Shatz then sets his sights on Paris with a series of finely modulated entries on three African American writers: Chester Himes, Richard Wright and William Gardner Smith. With all three having self-exiled in Paris at roughly the same time, Shatz examines how this group of writers were able to deal with the relationship between their politics and their displacement, as well as the dynamics surrounding the racism they were escaping from and the racism inherent in their adoptive country, particularly when it comes to the relationship between Algerians and the French state, which, as exotic exiles, they did or did not notice, much less act upon. Shatz remains in France for the next section, in which he tackles a handful of French writers and intellectuals: Levi-Strauss, Derrida, Barthes, Alain Robbe-Grillet, and Michel Houllebecq, as well as film-makers Claude Lanzman and Jean-Pierre Melville. The latter two constitute an interesting comparison: the former an ultra-Zionist who directed Shoah, and the latter a WW2 maquis activist, whose participation would influence his future films, whether those with a war time or film noir setting. Shatz concludes this section with another interesting comparison: that of Jean-Paul Sartre and the leftist Egyptian writer Arwa Salih, and their respective positions regarding the Algerian war of independence, Israel and the plight of the Palestinians.
Even if one is familiar with some of the writers discussed, Shatz’s perspective will invariably be enlightening. For instance, his reading of Michel Houllebecq might surprise those who harbour, as I do, an instinctive dislike for this racaille of contemporary French fiction. Enough, at any rate, to make any hardened Houllebecq critic consider having another look at his writing. Though perhaps the same can't be said about Alain Robbe-Grillet. After reading that particular chapter, it would be difficult for many to read this most renown of nouveau roman novelists without taking into account his sadomasochistic tendencies, turning that famous camera-eye style into something that has less to do with the cinema or hardboiled fiction than with the cold stare of pornography. It's a flirtation that, in turn, might also cause some to feel a pang of guilt for being advocates of that particular writer, along with his proclamations regarding the future direction of the novel.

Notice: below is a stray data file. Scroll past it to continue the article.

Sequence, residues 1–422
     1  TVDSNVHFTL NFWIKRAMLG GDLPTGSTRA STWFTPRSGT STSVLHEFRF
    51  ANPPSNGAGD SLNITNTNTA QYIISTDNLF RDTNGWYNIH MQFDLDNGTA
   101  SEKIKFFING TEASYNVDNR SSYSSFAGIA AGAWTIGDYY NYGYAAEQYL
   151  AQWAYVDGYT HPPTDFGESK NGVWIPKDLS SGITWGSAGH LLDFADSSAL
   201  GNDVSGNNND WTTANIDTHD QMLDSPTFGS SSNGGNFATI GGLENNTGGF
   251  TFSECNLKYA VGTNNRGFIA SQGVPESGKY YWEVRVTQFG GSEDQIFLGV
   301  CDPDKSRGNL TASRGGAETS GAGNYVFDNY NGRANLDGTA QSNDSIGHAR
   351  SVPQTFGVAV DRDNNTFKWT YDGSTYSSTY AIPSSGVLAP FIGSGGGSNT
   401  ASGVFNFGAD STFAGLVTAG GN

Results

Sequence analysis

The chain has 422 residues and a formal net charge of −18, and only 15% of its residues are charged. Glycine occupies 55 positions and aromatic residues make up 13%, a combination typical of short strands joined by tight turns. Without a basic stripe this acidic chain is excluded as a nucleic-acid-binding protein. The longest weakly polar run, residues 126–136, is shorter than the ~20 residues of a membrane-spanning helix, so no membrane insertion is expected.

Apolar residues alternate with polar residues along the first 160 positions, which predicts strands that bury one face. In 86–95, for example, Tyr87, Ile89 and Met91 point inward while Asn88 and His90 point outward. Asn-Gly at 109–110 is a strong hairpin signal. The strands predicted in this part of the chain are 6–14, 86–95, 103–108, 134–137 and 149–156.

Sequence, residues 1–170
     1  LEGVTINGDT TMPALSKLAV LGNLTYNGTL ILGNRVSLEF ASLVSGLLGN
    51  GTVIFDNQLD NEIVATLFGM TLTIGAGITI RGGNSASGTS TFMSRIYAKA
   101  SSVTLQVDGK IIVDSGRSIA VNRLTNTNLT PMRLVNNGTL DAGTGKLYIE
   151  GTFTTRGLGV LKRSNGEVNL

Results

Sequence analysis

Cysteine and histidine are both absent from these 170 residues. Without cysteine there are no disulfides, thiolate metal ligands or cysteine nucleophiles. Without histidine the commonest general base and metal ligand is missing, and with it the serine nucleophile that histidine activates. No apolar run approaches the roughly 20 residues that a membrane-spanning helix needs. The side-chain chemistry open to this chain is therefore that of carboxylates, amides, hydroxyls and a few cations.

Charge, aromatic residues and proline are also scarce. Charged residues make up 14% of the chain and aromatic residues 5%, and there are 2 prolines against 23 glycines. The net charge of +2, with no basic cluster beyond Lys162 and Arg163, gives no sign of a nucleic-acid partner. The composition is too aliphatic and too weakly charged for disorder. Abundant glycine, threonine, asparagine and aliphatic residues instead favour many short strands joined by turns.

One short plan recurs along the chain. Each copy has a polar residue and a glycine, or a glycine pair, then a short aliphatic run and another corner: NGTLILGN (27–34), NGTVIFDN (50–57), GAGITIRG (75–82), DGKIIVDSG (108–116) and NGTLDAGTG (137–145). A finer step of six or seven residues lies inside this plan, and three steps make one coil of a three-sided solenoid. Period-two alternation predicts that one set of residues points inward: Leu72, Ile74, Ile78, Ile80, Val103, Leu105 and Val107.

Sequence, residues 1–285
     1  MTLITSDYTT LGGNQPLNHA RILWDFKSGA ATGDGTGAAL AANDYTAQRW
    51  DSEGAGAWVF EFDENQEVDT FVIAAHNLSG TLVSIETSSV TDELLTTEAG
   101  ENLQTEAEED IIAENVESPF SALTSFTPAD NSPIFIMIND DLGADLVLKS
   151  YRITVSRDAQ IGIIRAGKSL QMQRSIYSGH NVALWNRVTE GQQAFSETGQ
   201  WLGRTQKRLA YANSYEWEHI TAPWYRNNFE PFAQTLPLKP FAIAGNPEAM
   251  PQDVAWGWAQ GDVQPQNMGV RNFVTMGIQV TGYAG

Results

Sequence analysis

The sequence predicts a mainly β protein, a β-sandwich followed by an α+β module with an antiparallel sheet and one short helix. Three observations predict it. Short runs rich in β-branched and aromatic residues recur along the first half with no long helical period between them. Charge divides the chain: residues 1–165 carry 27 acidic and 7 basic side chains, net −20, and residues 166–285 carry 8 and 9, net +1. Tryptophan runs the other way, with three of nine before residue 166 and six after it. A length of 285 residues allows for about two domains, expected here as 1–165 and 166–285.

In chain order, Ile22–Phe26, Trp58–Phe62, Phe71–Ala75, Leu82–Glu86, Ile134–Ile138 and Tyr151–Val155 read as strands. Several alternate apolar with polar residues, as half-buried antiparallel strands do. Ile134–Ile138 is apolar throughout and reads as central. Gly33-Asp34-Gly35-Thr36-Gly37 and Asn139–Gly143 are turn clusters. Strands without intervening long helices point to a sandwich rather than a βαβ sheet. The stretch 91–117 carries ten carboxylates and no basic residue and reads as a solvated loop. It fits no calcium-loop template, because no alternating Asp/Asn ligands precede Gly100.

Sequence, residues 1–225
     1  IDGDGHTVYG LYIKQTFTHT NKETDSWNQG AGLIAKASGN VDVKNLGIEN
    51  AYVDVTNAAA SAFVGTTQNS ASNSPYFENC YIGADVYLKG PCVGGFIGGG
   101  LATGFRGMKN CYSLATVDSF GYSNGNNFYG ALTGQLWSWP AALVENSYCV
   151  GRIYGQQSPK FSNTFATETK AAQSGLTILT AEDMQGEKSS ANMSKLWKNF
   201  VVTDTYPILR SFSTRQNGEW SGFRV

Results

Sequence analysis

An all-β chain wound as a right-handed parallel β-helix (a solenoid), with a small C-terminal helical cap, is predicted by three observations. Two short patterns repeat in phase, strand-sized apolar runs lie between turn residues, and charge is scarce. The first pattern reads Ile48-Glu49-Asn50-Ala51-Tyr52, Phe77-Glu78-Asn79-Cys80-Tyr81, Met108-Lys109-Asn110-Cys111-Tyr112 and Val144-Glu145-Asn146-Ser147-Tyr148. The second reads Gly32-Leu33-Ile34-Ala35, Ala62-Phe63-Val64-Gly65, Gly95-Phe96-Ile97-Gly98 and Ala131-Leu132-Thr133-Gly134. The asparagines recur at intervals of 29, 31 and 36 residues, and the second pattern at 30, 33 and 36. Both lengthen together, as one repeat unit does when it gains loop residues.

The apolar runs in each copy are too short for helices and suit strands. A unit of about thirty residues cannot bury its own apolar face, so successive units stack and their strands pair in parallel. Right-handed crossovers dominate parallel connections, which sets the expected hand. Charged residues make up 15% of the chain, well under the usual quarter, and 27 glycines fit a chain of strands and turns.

Shatz ends Writers & Missionaries with two extended essays in which he looks at his own life: the first, from which the book's title is taken, concerns his relationship to the Middle East, and, as a non-Zionist Jew, his identification with, and commitment to, those who live there, albeit as an outsider; and, lastly, an extended essay on his teenage years as an obsessive but creative high-end chef, which, like the previous essay, reads as a stand-in for Shatz's own political evolution as a leftist with an internationalist perspective.